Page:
Another trait that makes some shark species vulnerable to heavy fishing is their tendency to form groups based on their age, sex and/or maturity. Large, older females of many shark species produce greater numbers of stronger pups than younger females, so the sudden removal of these older females through fishing can have serious consequences for the population.

Sharks play a crucial role in maintaining the health of marine ecosystems by keeping a balance among prey species and by removing sick, injured and diseased animals.

Overfishing is the main cause of the rapid decline in shark populations. It is mostly due to overfishing that many shark species are threatened with extinction.

A study that analysed shark fin trade records estimated that the weight of sharks killed annually to support the global shark fin trade is between 1.21 and 2.29 million tonnes with a median of 1.70 million tonnes. This is equivalent to between 26 and 73 million sharks killed every year with a best estimate of 38 million individual sharks.

Shark fin soup is a status symbol in Chinese culture as historically it was a dish reserved for the Emperor. Today serving shark fin soup to your guests demonstrates that you think highly of them, and that you have great personal wealth.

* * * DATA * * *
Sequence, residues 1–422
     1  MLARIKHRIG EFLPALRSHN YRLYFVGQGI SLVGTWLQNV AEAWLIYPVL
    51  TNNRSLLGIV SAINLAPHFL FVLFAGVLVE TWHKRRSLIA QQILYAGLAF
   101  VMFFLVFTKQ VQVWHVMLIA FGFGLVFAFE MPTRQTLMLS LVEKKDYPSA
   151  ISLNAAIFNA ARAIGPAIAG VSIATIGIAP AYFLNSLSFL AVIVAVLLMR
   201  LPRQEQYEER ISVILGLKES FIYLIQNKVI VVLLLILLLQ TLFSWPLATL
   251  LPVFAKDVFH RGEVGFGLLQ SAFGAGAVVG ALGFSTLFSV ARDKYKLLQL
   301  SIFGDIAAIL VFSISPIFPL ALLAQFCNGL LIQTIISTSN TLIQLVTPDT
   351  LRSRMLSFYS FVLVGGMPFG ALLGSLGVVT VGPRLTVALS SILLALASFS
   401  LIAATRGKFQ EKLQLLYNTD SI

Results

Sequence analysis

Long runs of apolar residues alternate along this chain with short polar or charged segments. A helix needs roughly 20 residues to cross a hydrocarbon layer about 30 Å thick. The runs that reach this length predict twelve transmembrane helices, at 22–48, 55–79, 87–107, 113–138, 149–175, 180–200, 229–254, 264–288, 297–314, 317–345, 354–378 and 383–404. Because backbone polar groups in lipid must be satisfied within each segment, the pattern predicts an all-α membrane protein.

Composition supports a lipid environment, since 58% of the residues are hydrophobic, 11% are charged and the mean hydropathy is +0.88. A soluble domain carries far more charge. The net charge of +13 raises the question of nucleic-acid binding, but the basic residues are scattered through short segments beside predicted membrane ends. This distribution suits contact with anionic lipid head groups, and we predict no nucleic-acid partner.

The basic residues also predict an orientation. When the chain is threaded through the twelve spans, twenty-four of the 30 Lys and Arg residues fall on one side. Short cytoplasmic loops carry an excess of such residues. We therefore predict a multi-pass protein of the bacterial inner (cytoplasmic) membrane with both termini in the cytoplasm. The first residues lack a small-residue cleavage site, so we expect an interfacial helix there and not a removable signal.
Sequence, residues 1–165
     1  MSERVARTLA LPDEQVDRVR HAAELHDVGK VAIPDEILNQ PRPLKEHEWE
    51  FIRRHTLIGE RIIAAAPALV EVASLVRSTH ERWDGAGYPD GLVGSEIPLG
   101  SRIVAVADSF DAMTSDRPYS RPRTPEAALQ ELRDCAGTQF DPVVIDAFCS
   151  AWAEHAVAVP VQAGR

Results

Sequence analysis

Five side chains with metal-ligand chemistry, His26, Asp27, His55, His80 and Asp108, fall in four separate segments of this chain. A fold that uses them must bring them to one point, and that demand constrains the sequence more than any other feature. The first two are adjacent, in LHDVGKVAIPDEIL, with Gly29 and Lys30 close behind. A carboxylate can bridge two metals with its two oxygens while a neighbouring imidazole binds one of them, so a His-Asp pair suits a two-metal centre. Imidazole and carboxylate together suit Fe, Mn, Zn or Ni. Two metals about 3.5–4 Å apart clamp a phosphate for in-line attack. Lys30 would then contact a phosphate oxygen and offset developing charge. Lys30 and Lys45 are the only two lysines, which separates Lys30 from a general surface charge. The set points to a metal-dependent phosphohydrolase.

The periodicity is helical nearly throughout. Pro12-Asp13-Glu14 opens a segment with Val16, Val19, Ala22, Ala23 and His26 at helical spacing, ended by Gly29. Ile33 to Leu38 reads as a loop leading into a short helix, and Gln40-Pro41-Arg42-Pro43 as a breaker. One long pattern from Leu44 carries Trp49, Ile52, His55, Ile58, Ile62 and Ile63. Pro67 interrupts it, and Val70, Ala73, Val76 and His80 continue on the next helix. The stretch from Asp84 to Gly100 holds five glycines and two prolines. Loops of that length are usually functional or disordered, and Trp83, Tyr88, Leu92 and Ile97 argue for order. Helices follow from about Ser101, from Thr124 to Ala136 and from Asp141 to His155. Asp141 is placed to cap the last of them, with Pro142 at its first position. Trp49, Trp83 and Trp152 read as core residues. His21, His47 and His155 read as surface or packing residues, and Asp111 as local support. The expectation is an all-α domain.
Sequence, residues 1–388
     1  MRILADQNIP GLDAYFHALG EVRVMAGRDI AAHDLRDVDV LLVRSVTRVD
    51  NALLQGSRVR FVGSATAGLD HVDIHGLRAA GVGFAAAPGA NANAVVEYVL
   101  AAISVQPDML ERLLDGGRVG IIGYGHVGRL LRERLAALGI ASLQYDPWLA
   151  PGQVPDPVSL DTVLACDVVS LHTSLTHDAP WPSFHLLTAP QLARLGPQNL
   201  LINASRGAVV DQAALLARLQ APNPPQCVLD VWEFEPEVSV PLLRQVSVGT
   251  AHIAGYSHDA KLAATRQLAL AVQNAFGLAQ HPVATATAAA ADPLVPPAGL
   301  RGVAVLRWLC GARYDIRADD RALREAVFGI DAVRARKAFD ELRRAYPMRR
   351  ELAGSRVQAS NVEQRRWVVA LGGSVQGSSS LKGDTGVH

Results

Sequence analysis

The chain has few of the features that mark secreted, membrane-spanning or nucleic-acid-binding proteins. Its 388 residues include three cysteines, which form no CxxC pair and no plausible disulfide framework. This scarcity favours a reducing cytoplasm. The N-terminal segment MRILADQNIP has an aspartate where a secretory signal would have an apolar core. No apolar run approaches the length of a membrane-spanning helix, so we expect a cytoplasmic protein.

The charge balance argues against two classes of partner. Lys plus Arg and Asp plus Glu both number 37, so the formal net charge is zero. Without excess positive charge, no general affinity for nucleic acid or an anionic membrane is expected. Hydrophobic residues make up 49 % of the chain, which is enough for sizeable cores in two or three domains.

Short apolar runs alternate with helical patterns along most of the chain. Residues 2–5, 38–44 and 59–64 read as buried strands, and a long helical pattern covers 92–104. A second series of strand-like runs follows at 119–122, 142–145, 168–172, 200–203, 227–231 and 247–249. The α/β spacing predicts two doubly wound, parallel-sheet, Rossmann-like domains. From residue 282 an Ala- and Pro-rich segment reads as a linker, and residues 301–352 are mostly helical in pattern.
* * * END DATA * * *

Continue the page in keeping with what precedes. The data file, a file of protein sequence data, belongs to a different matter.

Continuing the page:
But the demand for shark fin soup is fast outpacing supply. Rapidly growing populations and rising incomes means many more people can now afford shark fin soup. Demand for shark fins is driving the global depletion of shark populations as fishers from all countries learn of the opportunities for profit.

Shark fins are among the world’s most valuable fisheries products. Processed shark fins can cost hundreds of dollars per kilogram compared with US$1 to US$10 per kilogram for shark meat depending on species. A bowl of soup can sell for as much as US$100.

Shark fins add texture to soup rather than flavour. Many chefs use chicken soup as a base for their shark fin soup.

Shark finning is the practice of removing a shark’s fins at sea and discarding the body overboard. Sharks are frequently finned while still alive.

Why do fishers go to the trouble of catching a shark only to throw most of it away? The answer lies in the high value of shark fins. Shark fins are among the world’s most valuable fisheries products while shark meat is generally much less valuable. So the temptation is strong for fishers to throw the bulky shark carcasses overboard leaving room in the ship’s holds for more shark fins or more valuable species such as tuna and swordfish.